Cornell Belcher
One of the great tragedies is that the election of the first black president, as opposed to being a racial breakthrough, has in fact given rise to the opposite. It really has triggered an antagonism, or uncertainty, or fear that was dormant, at least up until now.


Ta-Nahisi Coates talked to President Obama and said a bit more about the above:

Whiteness in America is a different symbol—a badge of advantage. In a country of professed meritocratic competition, this badge has long ensured an unerring privilege, represented in a 220-year monopoly on the highest office in the land. For some not-insubstantial sector of the country, the elevation of Barack Obama communicated that the power of the badge had diminished. For eight long years, the badge-holders watched him. They saw footage of the president throwing bounce passes and shooting jumpers. They saw him enter a locker room, give a businesslike handshake to a white staffer, and then greet Kevin Durant with something more soulful. They saw his wife dancing with Jimmy Fallon and posing, resplendent, on the covers of magazines that had, only a decade earlier, been almost exclusively, if unofficially, reserved for ladies imbued with the great power of the badge.
For the preservation of the badge, insidious rumors were concocted to denigrate the first black White House. Obama gave free cellphones to disheveled welfare recipients. Obama went to Europe and complained that “ordinary men and women are too small-minded to govern their own affairs.” Obama had inscribed an Arabic saying on his wedding ring, then stopped wearing the ring, in observance of Ramadan. He canceled the National Day of Prayer; refused to sign certificates for Eagle Scouts; faked his attendance at Columbia University; and used a teleprompter to address a group of elementary-school students. The badge-holders fumed. They wanted their country back. And, though no one at the farewell party knew it, in a couple of weeks they would have it.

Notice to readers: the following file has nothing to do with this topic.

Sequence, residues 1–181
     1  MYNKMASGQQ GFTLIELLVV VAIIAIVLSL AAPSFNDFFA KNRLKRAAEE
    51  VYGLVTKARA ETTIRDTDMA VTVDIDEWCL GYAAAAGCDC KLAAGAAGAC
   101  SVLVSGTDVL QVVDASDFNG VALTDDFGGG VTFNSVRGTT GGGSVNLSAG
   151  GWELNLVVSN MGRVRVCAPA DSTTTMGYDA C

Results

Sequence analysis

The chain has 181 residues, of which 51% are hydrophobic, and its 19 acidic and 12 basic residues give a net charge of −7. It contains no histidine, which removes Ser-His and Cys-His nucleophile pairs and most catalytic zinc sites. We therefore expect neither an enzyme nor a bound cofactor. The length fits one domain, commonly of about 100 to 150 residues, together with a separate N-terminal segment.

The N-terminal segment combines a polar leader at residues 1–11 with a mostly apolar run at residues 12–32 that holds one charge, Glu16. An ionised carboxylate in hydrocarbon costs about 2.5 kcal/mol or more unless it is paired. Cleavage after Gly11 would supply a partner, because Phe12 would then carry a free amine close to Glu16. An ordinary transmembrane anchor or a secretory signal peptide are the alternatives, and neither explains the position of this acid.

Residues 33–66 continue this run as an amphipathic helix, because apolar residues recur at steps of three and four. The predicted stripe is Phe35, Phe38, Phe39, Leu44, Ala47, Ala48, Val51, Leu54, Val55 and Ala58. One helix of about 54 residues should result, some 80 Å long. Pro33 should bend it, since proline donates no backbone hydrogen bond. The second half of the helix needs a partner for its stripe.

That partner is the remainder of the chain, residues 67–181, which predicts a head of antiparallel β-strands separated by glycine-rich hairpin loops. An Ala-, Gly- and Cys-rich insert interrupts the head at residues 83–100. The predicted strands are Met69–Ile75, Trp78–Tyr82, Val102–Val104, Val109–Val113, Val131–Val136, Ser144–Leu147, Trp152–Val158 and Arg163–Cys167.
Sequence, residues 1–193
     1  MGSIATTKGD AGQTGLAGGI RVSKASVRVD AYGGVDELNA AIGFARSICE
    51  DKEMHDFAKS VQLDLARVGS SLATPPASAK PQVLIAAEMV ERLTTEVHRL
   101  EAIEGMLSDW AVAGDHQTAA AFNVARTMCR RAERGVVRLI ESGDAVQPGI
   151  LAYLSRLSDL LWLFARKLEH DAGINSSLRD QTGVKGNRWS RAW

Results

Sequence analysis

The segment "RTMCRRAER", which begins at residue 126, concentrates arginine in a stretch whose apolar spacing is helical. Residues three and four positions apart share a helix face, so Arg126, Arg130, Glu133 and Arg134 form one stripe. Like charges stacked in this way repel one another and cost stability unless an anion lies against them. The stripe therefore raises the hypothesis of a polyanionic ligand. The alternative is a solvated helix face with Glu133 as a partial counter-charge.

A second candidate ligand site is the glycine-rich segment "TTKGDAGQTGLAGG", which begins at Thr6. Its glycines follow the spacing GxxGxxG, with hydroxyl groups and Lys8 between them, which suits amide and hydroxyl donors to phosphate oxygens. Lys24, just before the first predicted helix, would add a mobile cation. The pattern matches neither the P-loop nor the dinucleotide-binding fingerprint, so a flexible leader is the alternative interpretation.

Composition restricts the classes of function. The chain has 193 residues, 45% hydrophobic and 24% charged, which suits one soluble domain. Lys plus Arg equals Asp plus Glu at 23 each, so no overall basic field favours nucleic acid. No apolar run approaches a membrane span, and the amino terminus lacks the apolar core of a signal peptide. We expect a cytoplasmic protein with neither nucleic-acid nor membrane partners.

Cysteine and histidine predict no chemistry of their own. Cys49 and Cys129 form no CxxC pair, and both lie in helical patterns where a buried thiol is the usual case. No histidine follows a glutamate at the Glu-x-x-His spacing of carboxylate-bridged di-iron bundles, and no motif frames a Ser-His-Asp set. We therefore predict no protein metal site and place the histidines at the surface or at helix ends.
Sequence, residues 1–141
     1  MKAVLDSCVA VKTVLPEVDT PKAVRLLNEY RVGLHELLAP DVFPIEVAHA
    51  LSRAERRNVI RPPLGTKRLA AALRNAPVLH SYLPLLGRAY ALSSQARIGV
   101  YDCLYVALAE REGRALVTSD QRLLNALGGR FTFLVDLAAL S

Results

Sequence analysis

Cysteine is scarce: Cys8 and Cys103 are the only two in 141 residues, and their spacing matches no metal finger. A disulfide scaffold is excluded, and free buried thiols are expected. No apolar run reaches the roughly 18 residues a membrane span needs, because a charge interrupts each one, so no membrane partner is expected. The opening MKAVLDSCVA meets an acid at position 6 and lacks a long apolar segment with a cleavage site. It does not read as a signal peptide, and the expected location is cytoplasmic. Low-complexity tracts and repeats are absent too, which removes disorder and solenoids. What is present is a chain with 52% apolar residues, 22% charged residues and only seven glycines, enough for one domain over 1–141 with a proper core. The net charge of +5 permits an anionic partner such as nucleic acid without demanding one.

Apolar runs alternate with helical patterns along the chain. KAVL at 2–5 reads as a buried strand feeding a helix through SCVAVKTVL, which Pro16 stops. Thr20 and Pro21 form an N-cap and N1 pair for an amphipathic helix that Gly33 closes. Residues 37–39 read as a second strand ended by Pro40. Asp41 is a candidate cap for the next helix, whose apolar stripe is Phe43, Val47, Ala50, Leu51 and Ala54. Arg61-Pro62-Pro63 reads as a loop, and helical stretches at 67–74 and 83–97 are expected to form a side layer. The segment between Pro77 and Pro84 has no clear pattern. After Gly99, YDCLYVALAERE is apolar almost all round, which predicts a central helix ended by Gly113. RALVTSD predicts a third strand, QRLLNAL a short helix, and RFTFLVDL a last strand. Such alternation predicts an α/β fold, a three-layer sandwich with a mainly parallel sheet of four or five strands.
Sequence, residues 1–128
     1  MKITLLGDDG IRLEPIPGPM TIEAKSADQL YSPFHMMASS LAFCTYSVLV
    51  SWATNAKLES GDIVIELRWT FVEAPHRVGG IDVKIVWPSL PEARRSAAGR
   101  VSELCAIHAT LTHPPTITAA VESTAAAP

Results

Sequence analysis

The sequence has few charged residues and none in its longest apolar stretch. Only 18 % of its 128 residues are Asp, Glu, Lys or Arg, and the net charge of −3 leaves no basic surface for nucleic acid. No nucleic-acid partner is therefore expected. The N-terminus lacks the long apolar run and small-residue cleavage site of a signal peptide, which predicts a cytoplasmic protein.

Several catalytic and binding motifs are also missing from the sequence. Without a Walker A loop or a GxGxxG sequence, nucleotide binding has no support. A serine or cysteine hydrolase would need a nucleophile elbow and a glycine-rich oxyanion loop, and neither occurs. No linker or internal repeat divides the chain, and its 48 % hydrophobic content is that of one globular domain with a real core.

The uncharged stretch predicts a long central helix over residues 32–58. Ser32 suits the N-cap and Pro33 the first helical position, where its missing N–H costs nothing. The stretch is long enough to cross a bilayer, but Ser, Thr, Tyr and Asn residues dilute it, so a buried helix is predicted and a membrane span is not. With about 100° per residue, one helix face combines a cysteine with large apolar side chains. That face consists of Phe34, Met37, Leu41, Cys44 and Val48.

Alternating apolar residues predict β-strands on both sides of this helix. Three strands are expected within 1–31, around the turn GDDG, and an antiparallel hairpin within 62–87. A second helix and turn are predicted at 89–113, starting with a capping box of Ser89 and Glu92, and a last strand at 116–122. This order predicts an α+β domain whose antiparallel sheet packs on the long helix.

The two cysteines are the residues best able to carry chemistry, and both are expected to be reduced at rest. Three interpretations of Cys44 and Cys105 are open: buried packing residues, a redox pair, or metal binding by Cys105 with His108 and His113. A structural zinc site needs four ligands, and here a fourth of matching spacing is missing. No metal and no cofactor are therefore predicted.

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When I told Obama that I thought Trump’s candidacy was an explicit reaction to the fact of a black president, he said he could see that, but then enumerated other explanations. When assessing Trump’s chances, he was direct: He couldn’t win.
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This speech ran counter to the history of the people it sought to address. Some of those same immigrants had firebombed the homes of the children of those same slaves. That young naval lieutenant was an imperial agent for a failed, immoral war. American division was real. In 2004, John Kerry did not win a single southern state. But Obama appealed to a belief in innocence—in particular a white innocence—that ascribed the country’s historical errors more to misunderstanding and the work of a small cabal than to any deliberate malevolence or widespread racism. America was good. America was great.
Over the next 12 years, I came to regard Obama as a skilled politician, a deeply moral human being, and one of the greatest presidents in American history. He was phenomenal—the most agile interpreter and navigator of the color line I had ever seen. He had an ability to emote a deep and sincere connection to the hearts of black people, while never doubting the hearts of white people. This was the core of his 2004 keynote, and it marked his historic race speech during the 2008 campaign at Philadelphia’s National Constitution Center—and blinded him to the appeal of Trump. (“As a general proposition, it’s hard to run for president by telling people how terrible things are,” Obama once said to me.)